Nelson was one of only two Democratic senators to vote against the Bipartisan Campaign Reform Act of 2002. Nelson is strongly opposed to replacing the income tax with a national sales tax, a position that finds favor with increasingly many conservatives. He has voted with Republicans on matters of bankruptcy reform, environmental protection, lawsuit reform, and trade. In 2004 he was one of only three Democratic senators to vote to invoke cloture on the proposed Federal Marriage Amendment; in 2006 he was one of only two Democratic Senators to vote that way.[53][54] He was the only Democratic senator to vote against a 2006 bill that would have extended federal funding for Stem Cell Research. He has, however, voted consistently against drilling in the Arctic National Wildlife Refuge. He has also opposed President Bush's plan to send an additional 21,500 troops to Iraq.[55] Early in Bush's first term he voted with the majority of his party against scrapping President Bill Clinton's expansive new rules on ergonomics regulation for workers; many of his fellow conservative Democrats like John Breaux, Max Baucus, Blanche Lincoln, and Zell Miller voted with Republicans on the issue. On April 26, 2010, Nelson was one of two Democratic senators in attendance to vote against the motion to move a financial regulations bill forward, siding with Senate Republicans. The other was Harry Reid, who voted against his own proposed bill out of procedure.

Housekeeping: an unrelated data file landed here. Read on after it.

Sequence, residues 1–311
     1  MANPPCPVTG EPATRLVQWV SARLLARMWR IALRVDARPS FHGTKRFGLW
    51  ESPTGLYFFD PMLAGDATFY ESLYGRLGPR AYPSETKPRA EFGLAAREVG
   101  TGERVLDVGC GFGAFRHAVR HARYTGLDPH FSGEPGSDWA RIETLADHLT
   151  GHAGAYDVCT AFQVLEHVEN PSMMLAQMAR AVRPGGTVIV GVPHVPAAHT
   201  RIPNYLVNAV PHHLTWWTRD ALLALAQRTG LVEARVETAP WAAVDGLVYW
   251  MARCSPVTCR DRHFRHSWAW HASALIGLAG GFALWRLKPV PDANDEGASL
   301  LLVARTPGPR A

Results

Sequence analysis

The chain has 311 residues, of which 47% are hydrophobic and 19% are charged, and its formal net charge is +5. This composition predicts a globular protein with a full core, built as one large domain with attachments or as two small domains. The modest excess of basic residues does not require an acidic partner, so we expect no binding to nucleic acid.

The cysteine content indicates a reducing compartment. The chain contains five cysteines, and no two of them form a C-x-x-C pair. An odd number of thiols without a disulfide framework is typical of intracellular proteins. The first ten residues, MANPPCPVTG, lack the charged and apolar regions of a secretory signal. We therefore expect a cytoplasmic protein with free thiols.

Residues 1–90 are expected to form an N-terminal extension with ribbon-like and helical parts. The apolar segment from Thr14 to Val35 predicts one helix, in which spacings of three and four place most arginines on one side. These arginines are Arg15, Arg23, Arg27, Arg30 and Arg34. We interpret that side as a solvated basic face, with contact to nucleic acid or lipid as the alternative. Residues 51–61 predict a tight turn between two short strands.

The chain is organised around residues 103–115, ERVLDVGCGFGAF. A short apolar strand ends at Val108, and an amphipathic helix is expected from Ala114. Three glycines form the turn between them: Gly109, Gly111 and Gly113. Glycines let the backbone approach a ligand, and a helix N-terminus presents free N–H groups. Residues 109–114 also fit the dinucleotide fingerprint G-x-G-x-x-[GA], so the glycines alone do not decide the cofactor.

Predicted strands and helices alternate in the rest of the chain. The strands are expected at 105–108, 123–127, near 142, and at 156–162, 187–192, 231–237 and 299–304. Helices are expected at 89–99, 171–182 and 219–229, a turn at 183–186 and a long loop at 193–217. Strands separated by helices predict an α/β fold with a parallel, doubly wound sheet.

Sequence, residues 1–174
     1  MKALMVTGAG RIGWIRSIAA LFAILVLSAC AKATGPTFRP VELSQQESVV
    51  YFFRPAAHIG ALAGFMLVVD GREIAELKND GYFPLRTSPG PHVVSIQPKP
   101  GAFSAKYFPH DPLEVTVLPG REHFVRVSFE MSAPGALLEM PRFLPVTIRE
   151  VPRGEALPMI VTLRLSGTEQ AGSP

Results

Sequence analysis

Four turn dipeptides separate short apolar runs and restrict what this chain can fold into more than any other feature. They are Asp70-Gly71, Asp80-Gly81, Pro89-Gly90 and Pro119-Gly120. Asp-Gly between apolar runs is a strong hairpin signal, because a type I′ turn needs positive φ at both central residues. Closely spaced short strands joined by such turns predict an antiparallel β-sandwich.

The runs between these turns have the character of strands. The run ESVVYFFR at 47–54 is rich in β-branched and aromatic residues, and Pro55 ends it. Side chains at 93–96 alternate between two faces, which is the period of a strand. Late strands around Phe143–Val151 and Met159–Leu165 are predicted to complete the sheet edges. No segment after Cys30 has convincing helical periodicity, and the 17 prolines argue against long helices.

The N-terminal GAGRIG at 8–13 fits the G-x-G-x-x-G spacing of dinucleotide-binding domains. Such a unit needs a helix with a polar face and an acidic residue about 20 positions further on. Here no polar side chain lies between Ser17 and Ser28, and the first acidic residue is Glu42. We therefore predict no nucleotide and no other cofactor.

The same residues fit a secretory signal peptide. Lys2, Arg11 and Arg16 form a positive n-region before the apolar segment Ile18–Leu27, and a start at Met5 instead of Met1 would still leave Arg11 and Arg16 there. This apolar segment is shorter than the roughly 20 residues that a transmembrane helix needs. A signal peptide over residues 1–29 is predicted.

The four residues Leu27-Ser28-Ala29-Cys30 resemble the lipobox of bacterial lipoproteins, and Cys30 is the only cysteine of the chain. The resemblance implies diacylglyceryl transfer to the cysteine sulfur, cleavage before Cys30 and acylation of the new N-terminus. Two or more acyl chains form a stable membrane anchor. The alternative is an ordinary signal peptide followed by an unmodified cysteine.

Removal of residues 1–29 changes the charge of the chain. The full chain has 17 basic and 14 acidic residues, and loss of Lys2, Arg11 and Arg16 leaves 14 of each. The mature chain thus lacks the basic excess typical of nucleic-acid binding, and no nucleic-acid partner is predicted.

On August 5, 2010, Nelson was the only Democrat to vote against Elena Kagan for confirmation to the U.S. Supreme Court.[56]

On December 18, 2010, Nelson voted in favor of the Don't Ask, Don't Tell Repeal Act of 2010.
That seems like the voting record of someone who doesn't always tow the party line (and whie it might make an interesting exercise to analyze every republican, that's way to much work).